Three Ashland officials will not be seeking reelection this year. Mayor Gene Rhorer, Ward One Alderman Danny Clay, and Ward Two Alderman Jesse Bronson will all be permanently leaving their positions following the end of their terms.
Rhorer has been the Mayor of Ashland for seven years. He has also spent three years with Planning and Zoning, three years on the Park Board, five years with REDI, five years with SBECD, has been a chamber member, and was on the RPC board of directors for four years. Between all the boards, commissions and positions he served in, Rhorer has served as an elected and volunteer official for the City of Ashland for some 14 years.
In his years of work for the city, he worked on many projects and collaborated with multiple organizations and city departments to accomplish goals. To name some, Rhorer worked with developers to bring several developments in, such as the Baptist Home and the Potterfield Development. He also worked with housing developers like Keith Winscott, Martin Builders, Cory Meyers, and more, helping to bring over 1500 homes to the area. He worked to add the new and current YMCA to Ashland, helped to balance the city budget during his time as mayor, and pushed to strengthen and implement additional guidelines to maintain Ashland’s streets.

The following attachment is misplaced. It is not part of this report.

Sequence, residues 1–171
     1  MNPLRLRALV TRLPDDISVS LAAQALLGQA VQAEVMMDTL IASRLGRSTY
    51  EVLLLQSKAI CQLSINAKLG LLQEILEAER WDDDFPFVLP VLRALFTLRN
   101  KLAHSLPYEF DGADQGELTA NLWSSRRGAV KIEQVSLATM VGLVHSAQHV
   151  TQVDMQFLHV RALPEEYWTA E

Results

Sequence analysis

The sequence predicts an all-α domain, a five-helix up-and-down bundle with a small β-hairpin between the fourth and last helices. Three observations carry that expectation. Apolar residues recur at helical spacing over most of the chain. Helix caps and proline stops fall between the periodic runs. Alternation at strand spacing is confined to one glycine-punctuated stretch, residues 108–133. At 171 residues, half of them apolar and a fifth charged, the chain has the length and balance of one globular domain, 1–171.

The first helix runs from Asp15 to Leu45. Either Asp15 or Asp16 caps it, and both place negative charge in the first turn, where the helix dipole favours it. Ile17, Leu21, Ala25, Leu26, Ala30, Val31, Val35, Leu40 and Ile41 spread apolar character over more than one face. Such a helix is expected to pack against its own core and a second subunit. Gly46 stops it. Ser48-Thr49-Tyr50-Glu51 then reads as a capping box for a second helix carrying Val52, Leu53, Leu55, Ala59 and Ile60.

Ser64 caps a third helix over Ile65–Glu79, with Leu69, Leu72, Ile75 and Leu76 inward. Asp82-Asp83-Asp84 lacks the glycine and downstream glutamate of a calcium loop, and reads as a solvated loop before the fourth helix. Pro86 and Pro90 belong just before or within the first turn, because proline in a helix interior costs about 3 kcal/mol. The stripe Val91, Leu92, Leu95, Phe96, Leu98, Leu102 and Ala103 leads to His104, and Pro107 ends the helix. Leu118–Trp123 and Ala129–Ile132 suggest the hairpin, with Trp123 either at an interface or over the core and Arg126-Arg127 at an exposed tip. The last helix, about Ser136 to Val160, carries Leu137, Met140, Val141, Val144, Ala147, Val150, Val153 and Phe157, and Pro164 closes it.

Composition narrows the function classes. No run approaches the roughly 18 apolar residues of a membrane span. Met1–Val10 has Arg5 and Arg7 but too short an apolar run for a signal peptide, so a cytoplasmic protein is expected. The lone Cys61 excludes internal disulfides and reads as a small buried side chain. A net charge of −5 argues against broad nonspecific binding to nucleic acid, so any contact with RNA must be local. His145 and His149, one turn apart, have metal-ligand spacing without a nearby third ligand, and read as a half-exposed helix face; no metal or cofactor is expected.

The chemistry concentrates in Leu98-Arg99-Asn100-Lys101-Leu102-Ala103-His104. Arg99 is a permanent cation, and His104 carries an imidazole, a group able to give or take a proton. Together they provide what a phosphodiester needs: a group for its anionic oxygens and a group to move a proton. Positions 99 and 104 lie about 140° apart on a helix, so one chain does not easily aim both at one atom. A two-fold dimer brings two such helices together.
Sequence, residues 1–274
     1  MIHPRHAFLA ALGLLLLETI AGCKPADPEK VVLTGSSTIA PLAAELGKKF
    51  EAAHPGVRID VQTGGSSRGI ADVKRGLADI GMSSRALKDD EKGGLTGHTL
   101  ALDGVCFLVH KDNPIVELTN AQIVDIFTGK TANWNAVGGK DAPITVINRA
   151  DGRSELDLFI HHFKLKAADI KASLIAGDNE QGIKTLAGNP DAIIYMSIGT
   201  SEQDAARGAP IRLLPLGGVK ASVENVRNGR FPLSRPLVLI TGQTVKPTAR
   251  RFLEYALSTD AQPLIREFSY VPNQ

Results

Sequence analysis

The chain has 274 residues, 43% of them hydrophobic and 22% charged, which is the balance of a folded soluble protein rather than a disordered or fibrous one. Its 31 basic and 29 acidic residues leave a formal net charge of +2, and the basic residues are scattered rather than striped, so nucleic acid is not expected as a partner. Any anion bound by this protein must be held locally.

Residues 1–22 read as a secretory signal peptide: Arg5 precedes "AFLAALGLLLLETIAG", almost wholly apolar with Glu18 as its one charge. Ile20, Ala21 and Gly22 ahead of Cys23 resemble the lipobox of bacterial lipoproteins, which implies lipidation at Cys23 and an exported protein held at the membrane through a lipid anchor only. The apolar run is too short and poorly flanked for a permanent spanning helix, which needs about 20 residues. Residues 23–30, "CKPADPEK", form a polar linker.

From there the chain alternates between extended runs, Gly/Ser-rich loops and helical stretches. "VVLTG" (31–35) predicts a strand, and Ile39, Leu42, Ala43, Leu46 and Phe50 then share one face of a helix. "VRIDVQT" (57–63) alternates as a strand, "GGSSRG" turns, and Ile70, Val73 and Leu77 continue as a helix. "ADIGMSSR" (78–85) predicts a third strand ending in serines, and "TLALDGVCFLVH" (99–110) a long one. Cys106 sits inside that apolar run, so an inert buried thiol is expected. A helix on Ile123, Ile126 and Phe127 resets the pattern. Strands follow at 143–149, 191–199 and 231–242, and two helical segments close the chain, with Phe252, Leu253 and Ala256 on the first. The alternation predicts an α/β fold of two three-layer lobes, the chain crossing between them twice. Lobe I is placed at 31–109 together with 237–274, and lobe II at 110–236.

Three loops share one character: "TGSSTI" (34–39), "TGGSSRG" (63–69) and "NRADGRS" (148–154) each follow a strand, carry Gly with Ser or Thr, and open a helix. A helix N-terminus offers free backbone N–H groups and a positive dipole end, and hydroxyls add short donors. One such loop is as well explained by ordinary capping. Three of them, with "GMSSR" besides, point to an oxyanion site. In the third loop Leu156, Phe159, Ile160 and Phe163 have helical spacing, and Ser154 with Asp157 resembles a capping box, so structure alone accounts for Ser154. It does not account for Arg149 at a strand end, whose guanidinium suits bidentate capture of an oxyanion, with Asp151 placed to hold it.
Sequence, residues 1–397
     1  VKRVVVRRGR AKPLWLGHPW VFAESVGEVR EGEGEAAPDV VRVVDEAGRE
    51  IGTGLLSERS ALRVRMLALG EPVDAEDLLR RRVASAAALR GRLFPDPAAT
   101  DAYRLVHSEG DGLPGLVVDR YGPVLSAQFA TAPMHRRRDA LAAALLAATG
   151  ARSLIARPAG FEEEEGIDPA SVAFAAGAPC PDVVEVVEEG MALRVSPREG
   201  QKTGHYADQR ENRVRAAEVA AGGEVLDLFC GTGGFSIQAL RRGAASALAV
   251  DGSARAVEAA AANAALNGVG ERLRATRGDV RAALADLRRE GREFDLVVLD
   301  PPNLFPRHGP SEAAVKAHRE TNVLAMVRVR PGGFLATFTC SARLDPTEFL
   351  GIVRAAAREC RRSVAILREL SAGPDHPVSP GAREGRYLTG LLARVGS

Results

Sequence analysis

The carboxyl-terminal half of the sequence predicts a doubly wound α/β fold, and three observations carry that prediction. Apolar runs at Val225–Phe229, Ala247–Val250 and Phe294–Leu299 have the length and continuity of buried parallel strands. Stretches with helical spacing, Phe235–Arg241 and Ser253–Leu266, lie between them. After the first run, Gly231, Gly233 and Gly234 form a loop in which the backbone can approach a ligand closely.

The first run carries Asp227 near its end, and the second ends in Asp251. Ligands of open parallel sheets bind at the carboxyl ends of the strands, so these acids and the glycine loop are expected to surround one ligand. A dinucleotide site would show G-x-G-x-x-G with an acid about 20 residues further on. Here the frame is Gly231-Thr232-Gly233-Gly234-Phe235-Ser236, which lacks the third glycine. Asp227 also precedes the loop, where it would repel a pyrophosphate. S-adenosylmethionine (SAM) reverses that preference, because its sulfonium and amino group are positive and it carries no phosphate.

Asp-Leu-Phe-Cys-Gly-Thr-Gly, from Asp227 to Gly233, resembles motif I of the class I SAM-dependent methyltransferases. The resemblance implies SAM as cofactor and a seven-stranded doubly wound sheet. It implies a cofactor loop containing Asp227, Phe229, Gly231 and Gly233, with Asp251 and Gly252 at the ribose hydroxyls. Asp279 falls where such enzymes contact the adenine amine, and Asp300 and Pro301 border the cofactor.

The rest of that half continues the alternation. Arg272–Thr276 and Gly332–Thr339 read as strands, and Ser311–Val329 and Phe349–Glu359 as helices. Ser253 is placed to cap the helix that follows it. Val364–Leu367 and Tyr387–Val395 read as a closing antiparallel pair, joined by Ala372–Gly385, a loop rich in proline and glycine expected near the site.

Rhorer’s proudest accomplishment was his ability to obtain grants for the new sidewalks through the Ash St., South Main, and Middle School Areas. His biggest regret is that he will not be in office to see some of the projects he worked on come to completion. About his time serving Ashland, Rhorer said, “It has been my complete privilege to represent the folks of Ashland and the surrounding area.” Rhorer plans on spending the next chapter of his life with his family and fishing. Additional, he also hopes to continue to provide Southern Boone County with its long-time publication, The Boone County Journal.
Clay held his position of Ward One Alderman for four years, or two terms. During that time, he has helped nurture commercial and residential development within the city. With his support, projects such as Cartwright Park, the Ashland Baptist Home, Ashland Commons, and commercial development at Liberty and Main St. have all been made possible. Through his support for residential development, Ashland grew an estimated 100 homes a year over the last four years and is estimated to have another 200 by the end of 2021. He also passed the 2012 International Building code.
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